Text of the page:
Many shows that garner popularity tend to go out on a victory tour, giving fanfare to the viewers and highlighting the most lovable points of its characters. This is not the approach VGHS takes. This season, all of the characters hit some of their darkest times. I won’t spoil anything, but all of the major characters go through life-changing events that make them look at their lives from a different angle. Even Ki, the unwavering bastion of caring and righteousness, finds herself questioning whether good always wins. VGHS swung for the fences with the story.

This is a good thing. These actors and actresses really have come into their own and it’s noticeable as they flex their acting muscles. After seasons of Ted Wong goofily deflecting anything that might hurt his feelings, he finally hits his breaking point and shows a wide range of emotions. As the show digs into his relationship with his father, it creates some very powerful stuff. Ki also creates some moving work as she is put in a position where she can’t fix everything with both her life and friends. It’s one of the few times in the show that “life happens” for her and she is not used to be powerless to it. Brian, who has carried the show at times from an emotional standpoint, continues in that regard. While he steps back as the main character and lets his friends join him in the main narrative, he continues to be the glue that holds the group together and finds himself in tough situations because of it. His friends need him even when they don’t realize it. Brian, or Josh Blaylock rather, deserves awards for his parts in this show as a whole.

The one character I was a touch disappointed with was Jenny Matrix. Don’t get me wrong, her acting was solid and I like her as a character. However, her desire to be a professional gamer is a huge focus during this season. The viewers always knew that Jenny was the player in the school that had the best chance of going pro and it was her lifelong dream. I find this a little strange because Brian actually carried the team on his back quite often and was shown to be on Jenny’s level throughout the show, but the writers made it obvious that he didn’t have a chance of going pro. We always knew that this would inevitably lead to a conflict between Jenny and Brian. Well, that conflict happens in this season and it absolutely tears Jenny apart. She has to come to terms with who she is and what she wants. After this issue seems to be resolved, later in the series, she does something that completely contradicts this in a matter of three seconds. It seemed the character hadn’t really progressed at all and it was disappointing to see, but the writers knew what they were doing. It was destined from the start.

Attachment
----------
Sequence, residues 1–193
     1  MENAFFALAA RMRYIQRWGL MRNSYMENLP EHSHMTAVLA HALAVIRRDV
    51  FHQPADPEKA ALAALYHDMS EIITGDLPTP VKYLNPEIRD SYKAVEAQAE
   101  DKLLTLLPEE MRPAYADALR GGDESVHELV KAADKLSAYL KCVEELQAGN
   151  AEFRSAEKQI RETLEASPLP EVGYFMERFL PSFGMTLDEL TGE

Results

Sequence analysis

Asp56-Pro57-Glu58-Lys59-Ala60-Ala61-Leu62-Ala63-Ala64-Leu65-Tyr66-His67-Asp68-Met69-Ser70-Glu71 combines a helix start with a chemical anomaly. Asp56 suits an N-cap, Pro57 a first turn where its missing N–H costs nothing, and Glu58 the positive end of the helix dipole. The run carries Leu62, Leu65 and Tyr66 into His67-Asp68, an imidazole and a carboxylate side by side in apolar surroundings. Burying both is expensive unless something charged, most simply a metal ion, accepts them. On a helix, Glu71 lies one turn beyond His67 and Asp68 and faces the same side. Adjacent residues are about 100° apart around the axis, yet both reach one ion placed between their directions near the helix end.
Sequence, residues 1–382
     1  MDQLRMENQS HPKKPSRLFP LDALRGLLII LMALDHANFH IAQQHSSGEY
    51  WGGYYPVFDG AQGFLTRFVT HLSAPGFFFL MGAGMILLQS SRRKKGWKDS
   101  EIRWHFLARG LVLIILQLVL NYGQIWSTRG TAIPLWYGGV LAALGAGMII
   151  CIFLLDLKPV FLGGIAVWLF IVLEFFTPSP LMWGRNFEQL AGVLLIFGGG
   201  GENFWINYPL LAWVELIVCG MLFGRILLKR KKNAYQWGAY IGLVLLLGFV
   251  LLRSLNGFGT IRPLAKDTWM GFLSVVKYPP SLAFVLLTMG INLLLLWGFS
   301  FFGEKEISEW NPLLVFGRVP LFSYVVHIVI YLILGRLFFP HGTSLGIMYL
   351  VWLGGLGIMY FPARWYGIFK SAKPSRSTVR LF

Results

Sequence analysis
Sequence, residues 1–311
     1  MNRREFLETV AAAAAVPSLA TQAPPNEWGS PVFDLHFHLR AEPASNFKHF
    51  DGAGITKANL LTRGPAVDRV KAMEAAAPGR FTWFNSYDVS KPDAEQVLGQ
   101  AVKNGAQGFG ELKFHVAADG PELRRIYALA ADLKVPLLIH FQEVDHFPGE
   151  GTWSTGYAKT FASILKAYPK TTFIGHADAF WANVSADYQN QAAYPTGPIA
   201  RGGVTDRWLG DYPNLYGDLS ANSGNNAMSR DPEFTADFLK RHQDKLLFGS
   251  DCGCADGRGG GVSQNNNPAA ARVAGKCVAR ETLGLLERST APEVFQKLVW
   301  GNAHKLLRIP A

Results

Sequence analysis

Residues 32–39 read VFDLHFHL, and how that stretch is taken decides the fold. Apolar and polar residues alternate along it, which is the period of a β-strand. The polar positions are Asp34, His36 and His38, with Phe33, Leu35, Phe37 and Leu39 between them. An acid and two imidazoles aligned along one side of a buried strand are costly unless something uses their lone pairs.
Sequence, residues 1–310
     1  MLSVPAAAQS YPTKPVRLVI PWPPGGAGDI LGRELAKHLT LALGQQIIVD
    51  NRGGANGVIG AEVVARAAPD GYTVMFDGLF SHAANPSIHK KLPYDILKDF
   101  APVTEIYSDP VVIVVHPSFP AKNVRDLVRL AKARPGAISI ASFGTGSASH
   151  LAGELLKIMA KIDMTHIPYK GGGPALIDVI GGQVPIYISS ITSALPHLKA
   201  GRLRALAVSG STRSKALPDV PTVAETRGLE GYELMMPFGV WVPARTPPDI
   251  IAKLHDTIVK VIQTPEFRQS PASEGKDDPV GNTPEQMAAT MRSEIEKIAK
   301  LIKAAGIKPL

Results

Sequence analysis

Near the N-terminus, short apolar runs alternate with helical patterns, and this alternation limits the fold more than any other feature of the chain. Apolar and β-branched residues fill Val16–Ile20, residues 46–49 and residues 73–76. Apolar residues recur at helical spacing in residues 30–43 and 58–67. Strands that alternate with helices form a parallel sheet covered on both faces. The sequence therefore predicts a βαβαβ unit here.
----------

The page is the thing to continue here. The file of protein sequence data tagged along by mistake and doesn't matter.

The show also adds some new bad guys, which was refreshing. At the end of Season Two, Ashley Barnstormer and his Napalm Energy Drink High School pop up and nab The Law in a seemingly random move. This story arc is fleshed out and you realize that this energy drink company/high school is gunning for VGHS. Dean Calhoun has made some powerful enemies, one being Ashley and another being a known face I won’t reveal. Napalm Energy Drink High School has an unlimited amount of money, as does its two leaders, and that money allows them to do anything they want, which puts the protagonists in bad situations over and over again. Ashley Barnstormer is absolutely hilarious. He calmly connives and picks people apart. He is very similar to The Law from Season One. The scene where he is a “captive” was particularly funny to me. Napalm also picks up a new face, who you will recognize from Disney’s iCarly, and he brings up one of the most random plot twists in the show to date. It is pretty funny and he immediately becomes mortal enemies with The Law for more reasons that one. He is a man of few words, but gets some very memorable scenes, especially closer to the end. Ki’s old rival, Shane Pizza is also a blast to watch. He never loses and so calmly buys his way out of every challenge and problem. He also has a much bigger role in this season in ways you wouldn’t even imagine. His condescending tone is hilarious and how he has kept it through three entire seasons without letting a smile or chuckle slip is impressive. Snaps, Ki. Snaps.